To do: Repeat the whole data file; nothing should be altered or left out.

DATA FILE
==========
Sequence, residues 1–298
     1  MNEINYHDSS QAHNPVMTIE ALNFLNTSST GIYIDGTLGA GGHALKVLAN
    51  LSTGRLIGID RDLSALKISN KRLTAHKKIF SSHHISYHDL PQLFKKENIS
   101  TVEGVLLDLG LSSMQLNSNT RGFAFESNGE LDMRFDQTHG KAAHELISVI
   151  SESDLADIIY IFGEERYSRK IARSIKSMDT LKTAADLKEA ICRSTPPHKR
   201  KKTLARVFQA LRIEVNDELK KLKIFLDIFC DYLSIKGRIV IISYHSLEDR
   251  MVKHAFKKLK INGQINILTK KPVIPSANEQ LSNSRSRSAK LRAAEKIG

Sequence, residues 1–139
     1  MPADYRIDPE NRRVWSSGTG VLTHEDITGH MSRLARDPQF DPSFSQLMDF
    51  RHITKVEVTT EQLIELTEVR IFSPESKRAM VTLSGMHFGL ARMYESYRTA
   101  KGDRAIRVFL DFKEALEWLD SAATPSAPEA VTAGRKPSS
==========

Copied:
Sequence, residues 1–298
     1  MNEINYHDSS QAHNPVMTIE ALNFLNTSST GIYIDGTLGA GGHALKVLAN
    51  LSTGRLIGID RDLSALKISN KRLTAHKKIF SSHHISYHDL PQLFKKENIS
   101  TVEGVLLDLG LSSMQLNSNT RGFAFESNGE LDMRFDQTHG KAAHELISVI
   151  SESDLADIIY IFGEERYSRK IARSIKSMDT LKTAADLKEA ICRSTPPHKR
   201  KKTLARVFQA LRIEVNDELK KLKIFLDIFC DYLSIKGRIV IISYHSLEDR
   251  MVKHAFKKLK INGQINILTK KPVIPSANEQ LSNSRSRSAK LRAAEKIG

Sequence, residues 1–139
     1  MPADYRIDPE NRRVWSSGTG VLTHEDITGH MSRLARDPQF DPSFSQLMDF
    51  RHITKVEVTT EQLIELTEVR IFSPESKRAM VTLSGMHFGL ARMYESYRTA
   101  KGDRAIRVFL DFKEALEWLD SAATPSAPEA VTAGRKPSS